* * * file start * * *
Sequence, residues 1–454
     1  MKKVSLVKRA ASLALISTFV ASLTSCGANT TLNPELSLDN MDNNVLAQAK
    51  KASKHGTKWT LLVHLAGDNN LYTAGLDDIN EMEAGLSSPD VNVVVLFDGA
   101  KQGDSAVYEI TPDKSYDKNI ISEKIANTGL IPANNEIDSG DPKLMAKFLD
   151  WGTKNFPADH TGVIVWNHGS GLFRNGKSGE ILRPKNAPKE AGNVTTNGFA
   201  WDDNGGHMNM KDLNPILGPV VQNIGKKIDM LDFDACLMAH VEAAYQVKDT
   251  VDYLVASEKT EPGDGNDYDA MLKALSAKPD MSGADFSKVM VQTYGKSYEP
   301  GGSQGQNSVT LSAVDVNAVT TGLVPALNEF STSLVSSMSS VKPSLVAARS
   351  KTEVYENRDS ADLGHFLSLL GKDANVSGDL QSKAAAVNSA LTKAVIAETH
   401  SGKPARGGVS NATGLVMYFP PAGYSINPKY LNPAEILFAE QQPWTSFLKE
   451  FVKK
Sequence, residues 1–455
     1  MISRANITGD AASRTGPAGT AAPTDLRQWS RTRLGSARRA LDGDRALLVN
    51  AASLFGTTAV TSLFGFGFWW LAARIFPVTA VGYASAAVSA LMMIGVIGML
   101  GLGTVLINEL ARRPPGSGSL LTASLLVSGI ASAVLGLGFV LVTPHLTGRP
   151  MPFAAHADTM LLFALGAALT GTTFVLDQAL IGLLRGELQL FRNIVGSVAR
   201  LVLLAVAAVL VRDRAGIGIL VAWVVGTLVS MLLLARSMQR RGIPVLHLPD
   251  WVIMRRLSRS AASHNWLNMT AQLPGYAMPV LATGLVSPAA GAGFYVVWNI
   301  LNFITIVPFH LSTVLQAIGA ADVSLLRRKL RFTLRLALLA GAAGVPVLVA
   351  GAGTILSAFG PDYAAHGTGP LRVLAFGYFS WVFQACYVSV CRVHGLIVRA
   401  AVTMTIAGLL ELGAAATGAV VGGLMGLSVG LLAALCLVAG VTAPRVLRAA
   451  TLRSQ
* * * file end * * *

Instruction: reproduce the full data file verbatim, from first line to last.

Sequence, residues 1–454
     1  MKKVSLVKRA ASLALISTFV ASLTSCGANT TLNPELSLDN MDNNVLAQAK
    51  KASKHGTKWT LLVHLAGDNN LYTAGLDDIN EMEAGLSSPD VNVVVLFDGA
   101  KQGDSAVYEI TPDKSYDKNI ISEKIANTGL IPANNEIDSG DPKLMAKFLD
   151  WGTKNFPADH TGVIVWNHGS GLFRNGKSGE ILRPKNAPKE AGNVTTNGFA
   201  WDDNGGHMNM KDLNPILGPV VQNIGKKIDM LDFDACLMAH VEAAYQVKDT
   251  VDYLVASEKT EPGDGNDYDA MLKALSAKPD MSGADFSKVM VQTYGKSYEP
   301  GGSQGQNSVT LSAVDVNAVT TGLVPALNEF STSLVSSMSS VKPSLVAARS
   351  KTEVYENRDS ADLGHFLSLL GKDANVSGDL QSKAAAVNSA LTKAVIAETH
   401  SGKPARGGVS NATGLVMYFP PAGYSINPKY LNPAEILFAE QQPWTSFLKE
   451  FVKK
Sequence, residues 1–455
     1  MISRANITGD AASRTGPAGT AAPTDLRQWS RTRLGSARRA LDGDRALLVN
    51  AASLFGTTAV TSLFGFGFWW LAARIFPVTA VGYASAAVSA LMMIGVIGML
   101  GLGTVLINEL ARRPPGSGSL LTASLLVSGI ASAVLGLGFV LVTPHLTGRP
   151  MPFAAHADTM LLFALGAALT GTTFVLDQAL IGLLRGELQL FRNIVGSVAR
   201  LVLLAVAAVL VRDRAGIGIL VAWVVGTLVS MLLLARSMQR RGIPVLHLPD
   251  WVIMRRLSRS AASHNWLNMT AQLPGYAMPV LATGLVSPAA GAGFYVVWNI
   301  LNFITIVPFH LSTVLQAIGA ADVSLLRRKL RFTLRLALLA GAAGVPVLVA
   351  GAGTILSAFG PDYAAHGTGP LRVLAFGYFS WVFQACYVSV CRVHGLIVRA
   401  AVTMTIAGLL ELGAAATGAV VGGLMGLSVG LLAALCLVAG VTAPRVLRAA
   451  TLRSQ